Top 7 Places To Visit In Ethiopia

african elephant

Before now if you used to think there are no nice places in Ethiopia to visit, you can be pardoned a little bit because you haven’t read this article. However, if you still think the same way after reading this article, you won’t be pardoned. Do you love adventure? let’s explore some of the best places in Ethiopia.

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1. Danakil Depression

Positioned on the border between Ethiopia and Eritrea is the Danakil Depression. It’s officially one of driest and hottest places on Earth.

With temperatures that often reach 50+ degrees, it’s easy to see why.  This is a surreal piece of real estate that’s strewn with active volcanoes, salted basins, hot springs, and a lava lake – all of which combine to create a very lunar-like landscape.

Sitting below sea level, it’s the lowest point in Africa and second in the world (after the Dead Sea).

Do a bit of planning before you go as the climate can be harsh if you aren’t prepared.  But the beauty and mystery of this place make any preparation well worth it.

2. Lalibela

Lalibela pretty much blows the mind of everyone who visits.  This medieval settlement was designed to be a kind of second Jerusalem and modern day inhabitants remain proud of this distinction.

Lalibela is perched in the middle of a broad church complex made entire of rock.

There are 11 churches in the settlement, monolithic and grand, all built by King Lalibela as early as the 12th century.

Remarkable because of the architectural design, the churches are actually dug into the ground.

The most famous, and most beautiful, is St George’s Cathedral.  An awe-inspiring sight.

If you’re so inclined, there are several monasteries in the nearby area that are worth visiting.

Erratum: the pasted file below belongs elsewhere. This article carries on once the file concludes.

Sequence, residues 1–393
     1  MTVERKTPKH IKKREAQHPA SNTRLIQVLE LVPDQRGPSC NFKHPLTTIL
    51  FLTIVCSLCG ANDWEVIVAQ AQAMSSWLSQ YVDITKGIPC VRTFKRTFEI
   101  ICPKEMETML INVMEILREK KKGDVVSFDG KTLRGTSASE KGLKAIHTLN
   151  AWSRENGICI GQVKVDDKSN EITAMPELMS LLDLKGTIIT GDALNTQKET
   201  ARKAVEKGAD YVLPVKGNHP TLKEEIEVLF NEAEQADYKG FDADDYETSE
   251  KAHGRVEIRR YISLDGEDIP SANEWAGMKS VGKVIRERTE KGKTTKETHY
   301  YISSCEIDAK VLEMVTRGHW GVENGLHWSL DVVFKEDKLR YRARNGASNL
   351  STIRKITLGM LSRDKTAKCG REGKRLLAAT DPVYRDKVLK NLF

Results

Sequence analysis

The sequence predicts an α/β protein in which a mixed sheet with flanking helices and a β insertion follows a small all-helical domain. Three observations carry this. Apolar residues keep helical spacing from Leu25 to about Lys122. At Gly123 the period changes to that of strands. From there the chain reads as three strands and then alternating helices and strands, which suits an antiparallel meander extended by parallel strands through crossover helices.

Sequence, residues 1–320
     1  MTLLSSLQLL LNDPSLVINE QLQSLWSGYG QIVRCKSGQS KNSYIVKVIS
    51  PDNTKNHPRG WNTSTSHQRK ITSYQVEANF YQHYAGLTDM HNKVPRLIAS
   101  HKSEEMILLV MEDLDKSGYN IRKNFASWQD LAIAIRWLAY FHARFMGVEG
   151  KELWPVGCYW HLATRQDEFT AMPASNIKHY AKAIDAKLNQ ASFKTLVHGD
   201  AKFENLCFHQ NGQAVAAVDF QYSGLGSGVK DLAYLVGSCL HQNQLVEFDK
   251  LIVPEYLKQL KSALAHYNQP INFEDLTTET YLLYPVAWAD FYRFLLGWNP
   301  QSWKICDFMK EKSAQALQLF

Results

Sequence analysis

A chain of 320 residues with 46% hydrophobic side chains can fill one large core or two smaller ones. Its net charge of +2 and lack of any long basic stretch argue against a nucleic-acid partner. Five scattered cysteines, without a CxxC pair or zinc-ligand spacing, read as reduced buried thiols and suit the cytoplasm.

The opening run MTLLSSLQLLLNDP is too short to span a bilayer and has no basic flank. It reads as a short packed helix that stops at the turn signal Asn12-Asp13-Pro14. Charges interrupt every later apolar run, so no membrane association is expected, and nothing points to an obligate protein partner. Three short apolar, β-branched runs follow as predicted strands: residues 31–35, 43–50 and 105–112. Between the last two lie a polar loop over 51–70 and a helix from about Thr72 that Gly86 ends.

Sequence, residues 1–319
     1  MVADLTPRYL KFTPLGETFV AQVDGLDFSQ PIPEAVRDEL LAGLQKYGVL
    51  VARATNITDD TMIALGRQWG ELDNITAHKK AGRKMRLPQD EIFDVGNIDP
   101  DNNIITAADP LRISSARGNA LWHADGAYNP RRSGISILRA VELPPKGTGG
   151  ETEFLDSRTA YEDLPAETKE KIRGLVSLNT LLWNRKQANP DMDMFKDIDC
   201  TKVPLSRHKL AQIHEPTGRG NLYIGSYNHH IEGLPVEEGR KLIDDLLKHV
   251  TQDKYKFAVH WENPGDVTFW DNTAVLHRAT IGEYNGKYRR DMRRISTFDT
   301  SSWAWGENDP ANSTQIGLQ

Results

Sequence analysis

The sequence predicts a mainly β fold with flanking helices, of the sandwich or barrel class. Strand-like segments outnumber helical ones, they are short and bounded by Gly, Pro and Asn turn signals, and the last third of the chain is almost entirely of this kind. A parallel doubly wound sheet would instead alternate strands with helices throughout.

3. Harar

This holy, historic and walled city is a mesmerizing web of narrow alleyways. Built in the early 16th century, it’s the oldest Islamic city in Africa.

It was once the commercial link between Africa and the middle east and today is an enchanting lost-in-time city that’s famous for the impressive walls and centuries old buildings.

There are roughly 99 mosques within the city.  A popular attraction is the nightly ritual of feeding they hyenas which happens on the outskirts of the city.

It’s been taking place for generations and you can participate if you’re feeling adventurous.

4. Babile Elephant Sanctuary

Babile Elephant Sanctuary

Only about 1,000 elephants remain in Ethiopia, and by far the largest and most visible herd lives in the Babile Elephant Sanctuary.

A short drive from Harar, Babile is also home to gazelles, lions, leopards, cheetahs, and tons of exotic birds.

The landscape morphs from rocky outcrops to lovely tree dotted landscapes.

Roughly 400 elephants live here and you’ll really love the walking safaris that run each day.

5. The Rift Valley

The Rift Valley is a chain of seven lakes – each with its own distinct feel.  The passage includes wonderful lakes, hot springs, and lots of fun wildlife.

If you’ve come to Africa for the wildlife, you’ll love the Rift Valley.  Tourists and locals love to spend time near the hot springs for its therapeutic benefits and because it’s a fabulous way to relax.

It makes for a nice road trip to travel the entire length of the valley.

6. The Blue Nile Falls

The Nile River is the longest in Africa and its two tributaries are the White Nile and the Blue Nile.

The Blue Nile begins in Ethiopia and along its course you’ll find the   Blue Nile Falls – a spot to rival Niagara.

About 90 minutes from Bahar Dar the scenery here is truly breath-taking. Locally known as Tis Abbay, or ‘great smoke,’ the falls are about 45 metres high during the rainy season.

Just downstream from the falls you’ll find Ethiopia’s first stone bridge, built in the 17th century.

7. The Omo Valley

This is a wonderfully unique look into the tribal people of Ethiopia.  Similar to the Maasai in Kenya, the villages in the Lower Omo Valley haven’t been influenced by the outside world.

Here you’ll interact with people whose culture is dramatically different from your own.

Visit Daasanach village, try not to stare at the Mursi’s unbelievable lip-plates, or view the jumping of the bull’s ceremony with the Hammer.

The region itself is a lovely open savannah leading up to forests in the hills. And if you’re interested, you can also try an African safari while you’re here.

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